Hacı Bişkin / Gazete Duvar
Oversight boards in Turkish prison administrations have been denying the release of at least 217 prisoners who have reached their court-imposed conditional release dates due to a “lack of good conduct,” according to Green Left Party (YSP) MP Serhat Eren.
According to a regulation enacted in 2021, prisoners who have completed their court-ordered sentence are interviewed by an oversight board in prisons when their conditional release date arrives. For instance, a prisoner who received a six-year sentence can have their conditional release date in the third year if the court said so.
Nonetheless, oversight boards have been denying the release of particularly political prisoners on the grounds of “lack of good conduct,” such as not borrowing books from the library, using “too much” electricity and water, or their family visits, according to Ruken Altun from Civil Society in Penal System Association (CİSST).
"The oversight boards, by placing itself in lieu of the court, act as an intermediary in the arbitrary re-trial and re-punishment of prisoners based on abstract justifications," Altun said.
For example, Nevzat Öztürk, a prisoner who has been in prison for 31 years, continues to be held on the grounds that he did not "show good behavior" and his evaluation score is insufficient. Although Öztürk applied to the prison administration to benefit from social activities, his request was not met, and his evaluation score was lowered because he did not participate in these activities.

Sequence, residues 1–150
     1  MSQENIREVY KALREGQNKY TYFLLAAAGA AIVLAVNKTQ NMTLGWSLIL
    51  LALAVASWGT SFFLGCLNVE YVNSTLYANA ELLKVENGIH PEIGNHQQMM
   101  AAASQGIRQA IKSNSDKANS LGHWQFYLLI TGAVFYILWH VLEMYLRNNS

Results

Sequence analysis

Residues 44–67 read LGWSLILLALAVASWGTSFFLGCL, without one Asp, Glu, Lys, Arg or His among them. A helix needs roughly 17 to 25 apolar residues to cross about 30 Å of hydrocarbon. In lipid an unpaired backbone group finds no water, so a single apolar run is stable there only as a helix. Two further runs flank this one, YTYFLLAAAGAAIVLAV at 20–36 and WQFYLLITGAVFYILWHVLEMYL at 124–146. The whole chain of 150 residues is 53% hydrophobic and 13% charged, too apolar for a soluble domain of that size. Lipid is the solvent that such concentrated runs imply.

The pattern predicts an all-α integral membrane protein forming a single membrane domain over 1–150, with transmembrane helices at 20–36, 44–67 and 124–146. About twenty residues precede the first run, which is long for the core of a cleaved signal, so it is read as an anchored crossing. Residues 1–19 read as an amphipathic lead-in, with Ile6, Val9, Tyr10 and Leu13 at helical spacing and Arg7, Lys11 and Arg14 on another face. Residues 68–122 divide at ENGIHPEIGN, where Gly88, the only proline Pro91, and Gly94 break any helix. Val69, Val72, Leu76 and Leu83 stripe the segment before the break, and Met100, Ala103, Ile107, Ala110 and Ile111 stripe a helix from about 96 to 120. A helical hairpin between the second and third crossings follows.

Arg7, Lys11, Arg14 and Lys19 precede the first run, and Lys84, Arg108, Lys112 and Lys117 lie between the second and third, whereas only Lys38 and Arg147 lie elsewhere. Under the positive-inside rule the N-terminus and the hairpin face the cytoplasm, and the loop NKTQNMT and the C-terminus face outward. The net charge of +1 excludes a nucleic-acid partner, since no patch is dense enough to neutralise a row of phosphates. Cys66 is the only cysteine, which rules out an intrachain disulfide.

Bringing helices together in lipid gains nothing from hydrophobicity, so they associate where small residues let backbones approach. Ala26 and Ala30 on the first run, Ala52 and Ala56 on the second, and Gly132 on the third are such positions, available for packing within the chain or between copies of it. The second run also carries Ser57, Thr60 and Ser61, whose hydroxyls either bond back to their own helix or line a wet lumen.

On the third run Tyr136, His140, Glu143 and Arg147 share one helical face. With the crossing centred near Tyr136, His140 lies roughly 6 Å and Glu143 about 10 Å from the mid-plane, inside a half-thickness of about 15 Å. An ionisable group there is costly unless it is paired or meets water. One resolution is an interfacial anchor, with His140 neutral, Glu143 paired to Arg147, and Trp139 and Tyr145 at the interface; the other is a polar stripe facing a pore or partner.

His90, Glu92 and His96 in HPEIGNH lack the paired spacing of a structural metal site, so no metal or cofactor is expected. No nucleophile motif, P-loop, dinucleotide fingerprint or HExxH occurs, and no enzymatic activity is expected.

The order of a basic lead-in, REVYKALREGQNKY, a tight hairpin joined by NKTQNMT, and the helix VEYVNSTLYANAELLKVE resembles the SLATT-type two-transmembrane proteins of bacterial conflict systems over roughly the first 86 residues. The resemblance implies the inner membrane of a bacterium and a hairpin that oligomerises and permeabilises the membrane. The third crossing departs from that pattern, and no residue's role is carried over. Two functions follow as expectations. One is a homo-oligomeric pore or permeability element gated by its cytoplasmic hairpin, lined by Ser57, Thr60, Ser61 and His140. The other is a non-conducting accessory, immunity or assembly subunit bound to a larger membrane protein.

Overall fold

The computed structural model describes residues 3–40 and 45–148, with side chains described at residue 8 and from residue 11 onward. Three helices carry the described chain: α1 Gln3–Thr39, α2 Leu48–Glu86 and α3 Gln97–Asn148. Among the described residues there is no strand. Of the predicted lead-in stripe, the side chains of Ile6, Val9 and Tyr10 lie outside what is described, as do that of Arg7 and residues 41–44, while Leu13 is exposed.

A judge of execution’s office canceled Öztürk's evaluation score by emphasizing "arbitrariness" in the reasons of the oversight board. Despite the evaluation score being canceled, Öztürk’s release was prevented citing the same score.
Helin Akyol from the CİSST stated that these boards also deny the release of prisoners who have been suffering from serious health issues because they have stayed too long in the poor conditions of prisons without having access to proper healthcare.
The board also deferred the release of Fatoş Demirhan, who had been arrested for her involvement with the Peoples' Democratic Party (HDP) and had already served her sentence on March 26, 2023. The board asked Demirhan whether she "would run from HDP if she got out" and postponed her release for six months on the grounds that she "refrained from saying 'Kurdistan Workers’ Party (PKK) is a terrorist organization,' and acted as if she had never met PKK.”
According to the Council of Europe’s Annual Penal Statistics, Turkey has an incarceration rate of 355 inmates per 100,000 inhabitants, marking the highest rate among member states. The country also has Europe's largest prison population at 303,945.
(English version by Can Bodrumlu)